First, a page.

Get Your Home
Ready for the Cold
Getting your home ready for the big chill now will save
you time and money once winter sets in, especially if you
are unprepared and problems arise.
A pre-winter maintenance involves checking both the
exterior and interior of your home for any potential
problems or areas in need of repair.
Unless you really know what you are doing, get your
heating system professionally inspected, adjusted and
cleaned. This includes having your chimney or furnace vent
inspected for any obstructions. A poorly maintained
heating system not only uses energy less efficiently, it
can break down, catch fire or become the source of carbon
monoxide during heating months.
Ensure you have carbon monoxide detectors properly
installed in all sleeping areas, and inspect these
regularly to ensure they are working properly. Also have a
ready supply of furnace filters on hand so you can change
them regularly - usually once a month.
Keep the area around your furnace free of dust and
clutter. If your furnace has a built-in humidifier, ensure
it is clean and well-maintained. Replace any old pads,
trays or other parts.
Windows, doors, baseboards
Check all weather seals on exterior doors and windows and
replace any worn ones as necessary. Weather-stripping
products generally last only a few years. Also check for
draft problems around the interior of windows, doors and
Light a match. If the flame moves or blows out, you have a
draft problem. Use silicone caulking around doors and
windows and spray foam for filling larger drafty cavities
such as pipe outlets. As a temporary measure, you can
apply clear plastic film over a window to stop drafts and
prevent frost build-up. But these windows should be
properly repaired or replaced.
Attics and basements
Since hot air rises, most heat loss occurs through your
roof. Even if your attic is well-insulated, it may not
necessarily be well-sealed. Insulation is designed to slow
down heat loss rather than stop air flow.
Begin by sealing the gaps that lead from your living areas
to your attic. These gaps serve as escape routes for
heated air. Some accommodate wiring and pipes, while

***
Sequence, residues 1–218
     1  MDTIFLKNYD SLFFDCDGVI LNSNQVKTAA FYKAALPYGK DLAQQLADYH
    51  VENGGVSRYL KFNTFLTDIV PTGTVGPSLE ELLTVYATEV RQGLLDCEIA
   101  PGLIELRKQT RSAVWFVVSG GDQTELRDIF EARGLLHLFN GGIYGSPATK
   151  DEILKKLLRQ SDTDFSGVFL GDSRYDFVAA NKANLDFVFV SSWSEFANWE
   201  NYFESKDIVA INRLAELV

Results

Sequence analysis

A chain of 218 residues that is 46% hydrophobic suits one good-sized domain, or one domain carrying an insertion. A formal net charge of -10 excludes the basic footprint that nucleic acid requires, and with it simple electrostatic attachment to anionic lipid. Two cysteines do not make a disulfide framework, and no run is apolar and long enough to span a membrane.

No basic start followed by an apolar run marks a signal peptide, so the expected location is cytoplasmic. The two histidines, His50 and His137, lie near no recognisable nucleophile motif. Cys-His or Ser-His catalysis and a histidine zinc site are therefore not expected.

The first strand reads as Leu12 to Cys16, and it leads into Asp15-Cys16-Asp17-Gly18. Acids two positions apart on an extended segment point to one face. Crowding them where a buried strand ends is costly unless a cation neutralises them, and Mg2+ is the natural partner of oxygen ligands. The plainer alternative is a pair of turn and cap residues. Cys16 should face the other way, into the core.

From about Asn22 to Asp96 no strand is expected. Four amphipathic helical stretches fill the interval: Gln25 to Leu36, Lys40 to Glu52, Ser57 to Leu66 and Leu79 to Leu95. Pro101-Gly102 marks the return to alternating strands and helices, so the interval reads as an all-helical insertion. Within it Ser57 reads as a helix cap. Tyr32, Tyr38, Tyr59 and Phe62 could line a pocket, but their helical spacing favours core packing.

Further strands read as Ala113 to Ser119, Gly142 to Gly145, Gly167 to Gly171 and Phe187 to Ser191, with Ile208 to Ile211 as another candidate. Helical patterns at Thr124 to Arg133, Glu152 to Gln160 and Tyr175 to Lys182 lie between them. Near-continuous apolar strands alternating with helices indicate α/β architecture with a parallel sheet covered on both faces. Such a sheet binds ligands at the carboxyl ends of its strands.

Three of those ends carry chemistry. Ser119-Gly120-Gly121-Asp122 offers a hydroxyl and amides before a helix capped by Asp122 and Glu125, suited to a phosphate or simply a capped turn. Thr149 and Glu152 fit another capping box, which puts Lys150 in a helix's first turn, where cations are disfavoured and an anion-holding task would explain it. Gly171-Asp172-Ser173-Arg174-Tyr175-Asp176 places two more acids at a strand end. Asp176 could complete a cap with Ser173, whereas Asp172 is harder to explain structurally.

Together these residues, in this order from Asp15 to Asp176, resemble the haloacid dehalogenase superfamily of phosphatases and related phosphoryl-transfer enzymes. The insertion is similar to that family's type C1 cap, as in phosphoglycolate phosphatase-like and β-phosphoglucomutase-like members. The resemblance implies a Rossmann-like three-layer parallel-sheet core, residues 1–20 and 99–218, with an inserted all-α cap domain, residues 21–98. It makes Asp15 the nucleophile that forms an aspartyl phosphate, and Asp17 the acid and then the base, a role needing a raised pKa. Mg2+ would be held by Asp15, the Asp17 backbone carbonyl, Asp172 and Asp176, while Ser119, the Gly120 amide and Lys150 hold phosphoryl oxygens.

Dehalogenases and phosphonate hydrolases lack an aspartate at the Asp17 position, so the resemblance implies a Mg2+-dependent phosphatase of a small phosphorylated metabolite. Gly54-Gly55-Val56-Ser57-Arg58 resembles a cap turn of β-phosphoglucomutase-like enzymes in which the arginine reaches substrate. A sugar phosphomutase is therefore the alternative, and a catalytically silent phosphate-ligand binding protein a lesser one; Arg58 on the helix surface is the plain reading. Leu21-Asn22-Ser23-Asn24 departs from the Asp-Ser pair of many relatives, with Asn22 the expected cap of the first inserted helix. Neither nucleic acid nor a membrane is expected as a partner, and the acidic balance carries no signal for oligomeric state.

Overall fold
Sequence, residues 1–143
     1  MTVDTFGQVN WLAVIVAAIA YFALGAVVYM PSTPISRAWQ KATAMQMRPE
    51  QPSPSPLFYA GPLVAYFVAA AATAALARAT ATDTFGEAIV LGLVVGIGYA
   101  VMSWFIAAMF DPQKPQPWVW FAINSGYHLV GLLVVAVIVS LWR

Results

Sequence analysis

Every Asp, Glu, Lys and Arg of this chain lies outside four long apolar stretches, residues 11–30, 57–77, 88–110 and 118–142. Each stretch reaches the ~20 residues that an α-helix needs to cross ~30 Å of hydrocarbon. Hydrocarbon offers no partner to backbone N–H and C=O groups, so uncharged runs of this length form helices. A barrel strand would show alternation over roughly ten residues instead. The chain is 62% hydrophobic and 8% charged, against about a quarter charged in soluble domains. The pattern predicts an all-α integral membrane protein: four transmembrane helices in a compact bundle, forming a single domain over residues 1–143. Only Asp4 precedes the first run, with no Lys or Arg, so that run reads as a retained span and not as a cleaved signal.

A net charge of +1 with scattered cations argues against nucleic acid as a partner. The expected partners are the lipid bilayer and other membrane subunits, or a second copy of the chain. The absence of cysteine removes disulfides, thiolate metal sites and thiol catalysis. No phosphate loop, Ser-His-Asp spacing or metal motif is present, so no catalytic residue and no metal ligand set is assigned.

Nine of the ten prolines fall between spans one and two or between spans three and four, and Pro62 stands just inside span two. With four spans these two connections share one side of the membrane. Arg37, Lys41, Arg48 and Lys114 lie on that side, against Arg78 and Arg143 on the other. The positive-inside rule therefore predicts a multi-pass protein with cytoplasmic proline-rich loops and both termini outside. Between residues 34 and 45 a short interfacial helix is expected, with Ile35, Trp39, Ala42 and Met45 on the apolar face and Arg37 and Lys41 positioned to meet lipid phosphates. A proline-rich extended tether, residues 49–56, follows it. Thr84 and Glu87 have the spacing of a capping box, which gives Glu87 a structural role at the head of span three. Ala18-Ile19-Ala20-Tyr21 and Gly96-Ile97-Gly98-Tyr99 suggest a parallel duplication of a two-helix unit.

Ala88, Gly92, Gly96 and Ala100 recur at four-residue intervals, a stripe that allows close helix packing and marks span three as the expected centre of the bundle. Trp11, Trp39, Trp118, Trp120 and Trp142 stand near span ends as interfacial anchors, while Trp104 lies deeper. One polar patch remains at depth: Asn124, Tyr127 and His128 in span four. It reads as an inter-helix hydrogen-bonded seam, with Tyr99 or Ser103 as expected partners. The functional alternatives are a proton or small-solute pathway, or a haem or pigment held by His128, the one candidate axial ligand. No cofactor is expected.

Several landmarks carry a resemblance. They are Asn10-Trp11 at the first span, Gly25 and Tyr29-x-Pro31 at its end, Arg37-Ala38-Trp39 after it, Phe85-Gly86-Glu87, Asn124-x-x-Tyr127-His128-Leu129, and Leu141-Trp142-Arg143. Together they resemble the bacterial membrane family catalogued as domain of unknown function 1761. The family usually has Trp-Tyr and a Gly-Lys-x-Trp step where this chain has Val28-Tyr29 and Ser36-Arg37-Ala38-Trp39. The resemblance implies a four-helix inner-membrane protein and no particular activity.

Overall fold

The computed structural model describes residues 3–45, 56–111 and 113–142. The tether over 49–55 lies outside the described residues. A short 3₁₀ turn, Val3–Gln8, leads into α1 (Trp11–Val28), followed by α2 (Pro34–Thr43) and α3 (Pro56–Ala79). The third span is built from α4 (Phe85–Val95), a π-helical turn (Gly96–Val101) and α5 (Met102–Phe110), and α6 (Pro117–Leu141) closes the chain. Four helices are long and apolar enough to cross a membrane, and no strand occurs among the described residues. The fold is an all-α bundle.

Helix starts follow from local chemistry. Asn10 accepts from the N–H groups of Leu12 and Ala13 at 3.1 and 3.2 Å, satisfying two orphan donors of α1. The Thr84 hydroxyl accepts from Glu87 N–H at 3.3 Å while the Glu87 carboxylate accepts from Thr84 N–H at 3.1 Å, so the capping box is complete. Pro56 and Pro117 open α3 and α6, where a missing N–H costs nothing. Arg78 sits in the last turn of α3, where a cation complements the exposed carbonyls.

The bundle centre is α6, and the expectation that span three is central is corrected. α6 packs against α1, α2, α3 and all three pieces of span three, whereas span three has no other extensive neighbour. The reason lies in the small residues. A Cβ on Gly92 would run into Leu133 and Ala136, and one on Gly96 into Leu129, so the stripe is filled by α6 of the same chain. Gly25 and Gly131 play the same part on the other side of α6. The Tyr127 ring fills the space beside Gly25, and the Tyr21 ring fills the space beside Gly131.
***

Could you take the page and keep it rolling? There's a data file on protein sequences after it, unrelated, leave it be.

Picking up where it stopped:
others are the result of bad craftsmanship and/or the
normal settling of a structure.
A well-sealed attic, however, will not prevent winter
moisture problems if your home has insufficient vents or
these are not in good condition. A well-insulated home
still needs good ventilation.
Heat loss can also occur through your basement if it is
not well-insulated and subject to moisture buildup. You
can control a damp basement by waterproofing the walls,
installing a window exhaust fan, venting your clothes
dryer to the outdoors and wrapping cold-water pipes with
an insulation product.
Clear leaves and debris from all eaves troughs,
downspouts, drains and gutters. Flush with water. Make
sure all downspouts are draining properly. Any obstruction
can lead to ice build-up, which can cause more damage.
Siding, trim, foundation
Patch and seal open cracks. Paint any exterior surfaces in
need of painting. Paint peeling off wood often means there
is moisture in the wood. Purchase products at your local
building supply store to help dry the wood before
painting. Seal any openings where animals may take refuge.
Close vents of unheated crawl spaces.
Root, shingles, flashing
Check your roof or hire someone to check it for you.
Instead of risking life and limb to inspect it, first try
to get a close view with binoculars. All shingles,
flashings and the caulking on flashings should be in good
shape. Check your attic for water spots and other signs of
leakage, such as pinpoints of light on a bright day. Even
if your roof leaks, it may not need to be replaced if it
is less than 15 years old. Most holes in roofing or
flashing can be easily patched.
Cover exterior AC units
Use an appropriate cover or winterized plastic to protect
your outdoor air conditioning or window fan unit to stop
drafts and heat loss.
Install a programmable thermostat
A programmable thermostat can cut your heating bill with
every Celsius degree you lower the setting. If you have
air conditioning, it also lowers your cooling bills. To
ensure your water pipes don't freeze and burst, don't turn
your thermostat below 14C. With air conditioning, don't go
below 24C - you save by turning your thermostat up.
Check the fireplace
A lot of household heat escapes right up your fireplace
chimney, even when not in use. Check the flue damper to
see it fits snugly and is closed when not in use. Consider
installing tight-fitting glass doors to control airflow.
If you use your fireplace regularly over the winter
months, clean or hire a chimney sweep to dean your chimney
before you start using it again. Removing any obstruction
or build-up will ensure your fireplace operates
problem-free through the winter.
Wrap your pipes
You can avoid burst pipes by wrapping foam tubing around
them and taping it in place. Most tubing comes pre-slit
for easy installation. Water pipe heat cables can also be
purchased; they can keep water flowing at temperatures as
low as -40C.